Taming Temper Tantrums
- 8 Months ago
Parents expect temper tantrums from 2-year-olds, but angry outbursts don't necessarily stop after the toddler years. Older kids sometimes have trouble handling anger and frustration, too. Some kids only lose their cool on occasion. But others seem to have a harder time when things don't go their way. Kids who tend to have strong reactions by nature will need more help from parents to manage their tempers. Controlling outbursts can be difficult for kids - and helping them learn to do so is a tough job for the parents who love them. Try to be patient and positive, and know that these skills take time to develop and that just about every child can improve with the right coaching.
A Parent's Role
Managing kids can be a challenge. Some days keeping peace while keeping your cool seems impossible. But whether you're reacting to an occasional temper flare-up or a pattern of outbursts, managing your own anger when things get heated will make it easier to teach kids to do the same. To help tame a temper, try to be your child's ally - you're both rooting for your child to triumph over the temper that keeps leading to trouble. While your own patience may be frayed by angry outbursts, opposition, defiance, arguing, and talking back, it's during these episodes that you need your patience most. Of course you feel angry, but what counts is how you handle that.
Reacting to kids' meltdowns with yelling and outbursts of your own will only teach them to do the same (and actually is associated with an increase in children's negative behaviors). But keeping your cool and calmly working through a frustrating situation lets you show - and teach - appropriate ways to handle anger and frustration. Let's say you hear your kids fighting over a toy in the other room. You have ignored it, hoping that they would work it out themselves. But the arguing turns into screaming and soon you hear doors slamming, the thump of hitting, and crying. You decide to get involved before someone gets really hurt. By the time you arrive at the scene of the fight, you may be at the end of your own rope. After all, the sound of screaming is upsetting, and you may be frustrated that your kids aren't sharing or trying to get along. (And you know that this toy they're fighting over is going to be lost, broken, or ignored before long anyway!)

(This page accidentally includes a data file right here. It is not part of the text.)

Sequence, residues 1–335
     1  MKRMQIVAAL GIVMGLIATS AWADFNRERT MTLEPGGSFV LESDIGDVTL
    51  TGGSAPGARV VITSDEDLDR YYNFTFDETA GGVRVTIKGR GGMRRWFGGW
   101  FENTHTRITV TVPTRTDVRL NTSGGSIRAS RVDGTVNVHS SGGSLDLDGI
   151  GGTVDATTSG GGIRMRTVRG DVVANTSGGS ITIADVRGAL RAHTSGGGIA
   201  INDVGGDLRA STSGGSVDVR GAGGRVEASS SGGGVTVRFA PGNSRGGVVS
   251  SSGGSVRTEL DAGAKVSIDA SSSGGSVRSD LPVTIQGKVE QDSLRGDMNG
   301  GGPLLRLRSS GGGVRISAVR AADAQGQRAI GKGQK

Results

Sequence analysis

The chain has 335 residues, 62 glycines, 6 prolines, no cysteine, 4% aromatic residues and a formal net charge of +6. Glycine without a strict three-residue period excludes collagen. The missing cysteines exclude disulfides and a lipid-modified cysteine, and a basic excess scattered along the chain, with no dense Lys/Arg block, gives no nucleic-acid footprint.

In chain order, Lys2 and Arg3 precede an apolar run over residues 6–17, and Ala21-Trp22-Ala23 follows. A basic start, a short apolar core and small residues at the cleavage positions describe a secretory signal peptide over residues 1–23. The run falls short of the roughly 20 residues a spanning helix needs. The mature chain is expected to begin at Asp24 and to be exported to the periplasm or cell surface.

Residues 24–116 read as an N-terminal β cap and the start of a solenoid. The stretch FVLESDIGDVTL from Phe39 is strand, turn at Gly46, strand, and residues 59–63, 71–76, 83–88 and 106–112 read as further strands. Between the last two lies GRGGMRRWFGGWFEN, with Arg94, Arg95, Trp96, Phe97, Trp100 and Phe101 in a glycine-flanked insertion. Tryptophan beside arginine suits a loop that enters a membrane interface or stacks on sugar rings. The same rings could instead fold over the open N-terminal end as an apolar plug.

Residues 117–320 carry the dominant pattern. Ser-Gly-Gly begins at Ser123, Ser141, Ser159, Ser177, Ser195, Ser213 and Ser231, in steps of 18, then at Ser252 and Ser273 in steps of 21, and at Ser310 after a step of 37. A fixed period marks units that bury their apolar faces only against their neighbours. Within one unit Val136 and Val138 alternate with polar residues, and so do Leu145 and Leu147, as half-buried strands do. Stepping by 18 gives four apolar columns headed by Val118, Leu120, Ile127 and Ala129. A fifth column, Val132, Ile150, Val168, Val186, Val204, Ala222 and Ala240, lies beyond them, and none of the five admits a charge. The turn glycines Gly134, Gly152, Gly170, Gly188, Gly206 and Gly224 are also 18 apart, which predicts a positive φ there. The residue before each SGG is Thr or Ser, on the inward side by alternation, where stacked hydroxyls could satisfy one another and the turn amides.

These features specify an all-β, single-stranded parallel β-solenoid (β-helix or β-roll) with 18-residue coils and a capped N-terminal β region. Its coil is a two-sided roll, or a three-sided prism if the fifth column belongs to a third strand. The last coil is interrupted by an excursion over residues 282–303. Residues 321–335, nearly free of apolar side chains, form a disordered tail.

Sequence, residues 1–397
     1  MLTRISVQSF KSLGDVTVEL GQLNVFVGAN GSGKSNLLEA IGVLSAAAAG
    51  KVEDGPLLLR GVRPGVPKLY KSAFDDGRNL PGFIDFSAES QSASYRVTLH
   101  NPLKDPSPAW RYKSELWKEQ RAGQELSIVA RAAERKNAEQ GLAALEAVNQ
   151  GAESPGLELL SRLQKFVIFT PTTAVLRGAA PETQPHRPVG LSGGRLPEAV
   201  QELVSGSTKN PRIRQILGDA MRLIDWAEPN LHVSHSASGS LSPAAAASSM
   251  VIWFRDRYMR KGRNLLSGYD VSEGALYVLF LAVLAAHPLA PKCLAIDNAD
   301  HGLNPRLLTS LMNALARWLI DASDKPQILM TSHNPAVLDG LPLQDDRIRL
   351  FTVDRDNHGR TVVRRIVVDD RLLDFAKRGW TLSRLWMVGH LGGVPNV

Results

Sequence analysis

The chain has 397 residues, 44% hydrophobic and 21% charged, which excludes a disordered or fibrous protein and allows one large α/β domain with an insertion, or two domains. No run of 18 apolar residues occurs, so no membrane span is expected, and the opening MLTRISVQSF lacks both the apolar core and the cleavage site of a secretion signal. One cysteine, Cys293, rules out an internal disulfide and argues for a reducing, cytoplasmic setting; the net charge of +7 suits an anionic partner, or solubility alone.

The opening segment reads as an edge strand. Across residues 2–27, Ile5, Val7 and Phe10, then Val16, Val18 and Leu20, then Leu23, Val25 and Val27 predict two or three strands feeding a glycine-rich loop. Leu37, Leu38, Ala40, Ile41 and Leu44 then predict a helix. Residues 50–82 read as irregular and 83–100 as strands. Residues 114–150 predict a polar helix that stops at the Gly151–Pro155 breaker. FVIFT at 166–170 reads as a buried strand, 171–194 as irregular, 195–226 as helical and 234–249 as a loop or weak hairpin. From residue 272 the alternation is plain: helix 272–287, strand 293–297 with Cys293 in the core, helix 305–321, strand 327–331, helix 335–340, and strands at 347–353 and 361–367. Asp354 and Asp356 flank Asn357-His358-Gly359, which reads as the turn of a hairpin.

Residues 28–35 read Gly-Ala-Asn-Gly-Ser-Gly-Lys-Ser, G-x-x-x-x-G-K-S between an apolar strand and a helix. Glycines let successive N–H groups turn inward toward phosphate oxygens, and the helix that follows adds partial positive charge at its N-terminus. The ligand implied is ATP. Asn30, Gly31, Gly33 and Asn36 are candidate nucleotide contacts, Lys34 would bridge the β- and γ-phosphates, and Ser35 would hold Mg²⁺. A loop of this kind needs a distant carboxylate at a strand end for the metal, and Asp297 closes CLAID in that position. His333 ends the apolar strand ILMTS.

So what's the best way for you to react? With your own self-control intact, teaching by example is your most powerful tool. Speak calmly, clearly, and firmly - not with anger, blame, harsh criticisms, threats, or putdowns. Of course, that's easier said than done. But remember that you're trying to teach your kids how to handle anger. If you yell or threaten, you'll model and ingrain the exact kinds of behavior you want to discourage. Your kids will see that you're so angry and unable to control your own temper that you can't help but scream - and that won't help them learn not to scream.
What You Can Do
Regulating emotions and managing behavior are skills that develop slowly over time during childhood. Just like any other skills, your kids will need to learn and practice them, with your help. If it's uncharacteristic for your child to have a tantrum, on the rare occasion that it happens all you may need to do is clearly but calmly review the rules. Kids whose temper outbursts are routine might lack the self-control necessary to deal with frustration and anger and need more help managing those emotions. These steps can help:
Help kids Verbalize their feelings. If your child is in the midst of an outburst, find out what's wrong. If necessary, use a time-out to get your child to settle down or calmly issue a reminder about house rules and expectations - "There's no yelling or throwing stuff; please stop that right now and cool down." Remind your child to talk to you without whining, sulking, or yelling. Once your child calms down, ask what got him or her so upset. You might say, "Use your words to tell me what's wrong and what you're mad about." This helps your child put emotions into words and figure out what, if anything needs to be done to solve the problem. However, don't push too hard for your child to talk right then. He or she may need some time to reflect before being ready to talk.
Listen and respond. Once your child puts the feelings into words, it's up to you to listen and say that you understand. If your child is struggling for words, offer some help: "so that made you angry," "you must have felt frustrated," or "that must have hurt your feelings." Offer to help find an answer if there's a problem to be solved, a conflict to be mended, or an apology to be made.
Create clear ground rules and stick to them. Set and maintain clear expectations for what is and what is not acceptable without using threats, accusations, or putdowns. Your child will get the message if you make clear, simple statements about what's off limits and explain what you want him or her to do. You might say: "There's no yelling in this house. Use your words to tell me what's upsetting you." Try to have these discussions before an anger outburst so kids know the expectations ahead of time.
Taming temper tantrums can be a tedious job but a parent also needs to keep in mind a motive to address kids' emotions, which will go a long way in forming their personalities. If you find it too tasking it always helps to talk to someone. Form your own support group, a group of parents going through a similar phase, and also it pays off to seek professional guidance from a Mental-Health Professional. Happy Parenting!